How long would it take the pitching staff to adjust to new techniques…or does it depend solely on the individual?
      Does a new pitching coach have a chance to save Samardizija’s career or is his battle beyond mechanics and pitching styles?

  6. mb21 says:

    Oh, the high school coaching thing. Gotta love the old ones. They never get old.

    Ask yourself this, if Chris O’Leary’s work is any good, why is he so often ignored? Why do intelligent organizations like the Red Sox ignore him? Who is the guy? He’s not a trainer, scout or coach. No big deal though. He’s probably a physicist. Nope. Maybe he’s some kind of scientist though. Sorry. Ok, he’s got to be a doctor or a physiologist. Nope. He’s therefore an expert in biomechanics. After all, nobody would talk about the kind of stuff he does if they didn’t have some kind of knowledge and that’s all that’s left. But he’s not an expert in biomechanics either. So he’s actually not the least bit qualified when you start to think about it a little bit.

    No Rothschild worship here. Just facts. That’s all I care about and that’s all I will ever care about. Everybody has an opinion. Those are of no use to me when it comes to talking about baseball objectively. I gave up talking about the sport in a subjective manner years ago.

    Mike Marshall seriously? The man who makes retrospective statements to make him sound more intelligent and when he’s not doing that he’s coming up with goofy ideas that actual experts (doctors, scouts, coaches, physicists, etc.–all the things he is not) laugh at. Jeez. I thought we were past the Mike Marshall love. Didn’t that end a decade ago?

    I’m not making you sound like a dummy because I can do a little math. I’m questioning your ability to think critically when you ignore important facts that are necessary in forming the opinions we as humans have. If some doctor tells you he has an opinion of what might be wrong, you go see another doctor. If your accountant tells you that he’s been thinking and has an opinion as to how to maximize your account, you hire another accountant. If your lawyer tells you that he’s been thinking and that an opinion formed you hire another attorney. If some internet person tells you about his opinion on pitching mechanics and isn’t qualified to even offer them, you find an expert who is.

    And with all due respect to your coaching abilities, I literally could not care less what you think. I want facts. If you don’t have those, there’s no reason for people to take you seriously. I’m sorry if that offends you, but far too many terrible decisions are made because people have an opinion and often times those same people ignore facts that would have led to better decisions. So this has nothing to do with you having an opinion different than mine. Are you even aware that I did not even give my opinion? You don’t know what my opinion is. I didn’t even bother supporting an opinion with facts. I provided the facts. That was it. Your opinion doesn’t disagree with mine. The truth disagrees with your opinion.

  7. Douglas Heeren says:

    Your facts are arbitrary at best best. Just what I figured, you’re another stat geek that doesn’t play the game. And no, I’m not a high school coach. I have people that come to me for advice after watching me pitch. If you want real facts then why didn’t you interview each pitcher Rothschild coached and asked them how much his coaching helped them improve their game. You just had to get in a shot about me still playing. Just what I thought…..you never were much of a player and that hurts don’t it. I’ll leave it at that…that’s your pain.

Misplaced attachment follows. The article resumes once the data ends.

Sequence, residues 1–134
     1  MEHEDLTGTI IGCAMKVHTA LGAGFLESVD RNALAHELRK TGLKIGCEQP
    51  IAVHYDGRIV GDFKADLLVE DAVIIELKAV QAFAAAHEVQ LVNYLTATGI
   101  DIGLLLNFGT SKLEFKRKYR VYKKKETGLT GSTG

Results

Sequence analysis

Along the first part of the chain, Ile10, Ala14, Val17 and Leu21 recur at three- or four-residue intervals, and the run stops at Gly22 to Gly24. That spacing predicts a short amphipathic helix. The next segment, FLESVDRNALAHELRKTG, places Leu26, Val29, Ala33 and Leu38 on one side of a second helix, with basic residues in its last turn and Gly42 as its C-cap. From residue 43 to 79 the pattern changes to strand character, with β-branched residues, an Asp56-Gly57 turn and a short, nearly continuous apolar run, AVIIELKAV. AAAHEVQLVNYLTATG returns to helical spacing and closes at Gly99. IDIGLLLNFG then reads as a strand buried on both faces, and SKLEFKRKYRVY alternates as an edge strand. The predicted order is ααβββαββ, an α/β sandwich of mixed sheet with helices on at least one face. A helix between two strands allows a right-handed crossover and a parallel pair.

8. old side armer says:

    Just found the web site. Like what I see…gotta love the Cubs now. Harry would be proud of ya! Whoa…heated arguement. I took a look at mb21′s numbers and thought “so what” that’s what I would expect sinker ballers to do. When I pitched in the minors many, many years ago, I finally picked up the sinker and stop trying to strike guys out and I quit walking guys. The last year I pitched before a little thing called Viet Nam took me away, I walked seven batters in 141 innings of relief. I only struck out 107. The year before I walked 86 batters in 167 innings of relief and spot starting while striking out 202. But my ERA was much higher because I missed over the plate more often with fastballs and was always pitching with guys on base . In my opinion, one of the best pitching coaches in baseball is Dave Duncan. His guys just seem to keep winning. One of the reasons the Cardinals weren’t as good this year is that they let Joel Pineiro leave. In 2009, the Cardinals didn’t allow as many baserunners as this year. Sinker ballers will give up more groundball singles than power pitchers but also get more double plays. I would take more singles than extra base knocks. I don’t agree with the statement above of”pitchers get injured, it’s what they do”, that’s a bit ignorant. It’s also ignorant to take cheap shots back and forth on who plays and who doesn’t. Some guys just aren’t athletes. When I finally got back from SE Asia after a few tours in the jungle, my game was gone. I started playing town-team ball at the age of 40 and played until I was 54. My reflexes were shot and I didn’t want a liner taking off the old noggin’. I hope the Cubs can find some guy that knows more about pitching then this old retired hurler and the Cubs finally win a World Series before I lose all of my site. Adieu.

    • bullpenbrian says:

      Old Side Armer, thanks for checking in!
      I imagine surviving Vietnam puts the baseball career in perspective:)
      Dave Duncan is unquestionably one of the best teachers in pro ball.
      It’s unreal what the man accomplishes with re-treaded hurlers.
      I have no doubt Tony LaRussa’s success goes hand-in-hand with Duncan’s talents to train pitchers.
      I also respect the fact that Duncan stays true to his talents, declining any offers to become a big league skipper.
      Choose something to do and do it well!